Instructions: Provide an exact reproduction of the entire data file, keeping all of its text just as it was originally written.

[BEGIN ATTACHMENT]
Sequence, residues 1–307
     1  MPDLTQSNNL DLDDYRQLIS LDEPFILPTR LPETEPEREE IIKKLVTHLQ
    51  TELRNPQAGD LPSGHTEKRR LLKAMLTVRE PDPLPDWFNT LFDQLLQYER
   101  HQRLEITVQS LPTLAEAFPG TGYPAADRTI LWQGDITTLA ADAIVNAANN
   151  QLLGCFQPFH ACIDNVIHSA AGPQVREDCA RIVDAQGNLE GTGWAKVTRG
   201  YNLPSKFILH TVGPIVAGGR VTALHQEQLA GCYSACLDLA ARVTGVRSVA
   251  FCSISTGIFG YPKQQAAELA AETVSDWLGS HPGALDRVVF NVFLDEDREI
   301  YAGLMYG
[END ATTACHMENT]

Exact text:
Sequence, residues 1–307
     1  MPDLTQSNNL DLDDYRQLIS LDEPFILPTR LPETEPEREE IIKKLVTHLQ
    51  TELRNPQAGD LPSGHTEKRR LLKAMLTVRE PDPLPDWFNT LFDQLLQYER
   101  HQRLEITVQS LPTLAEAFPG TGYPAADRTI LWQGDITTLA ADAIVNAANN
   151  QLLGCFQPFH ACIDNVIHSA AGPQVREDCA RIVDAQGNLE GTGWAKVTRG
   201  YNLPSKFILH TVGPIVAGGR VTALHQEQLA GCYSACLDLA ARVTGVRSVA
   251  FCSISTGIFG YPKQQAAELA AETVSDWLGS HPGALDRVVF NVFLDEDREI
   301  YAGLMYG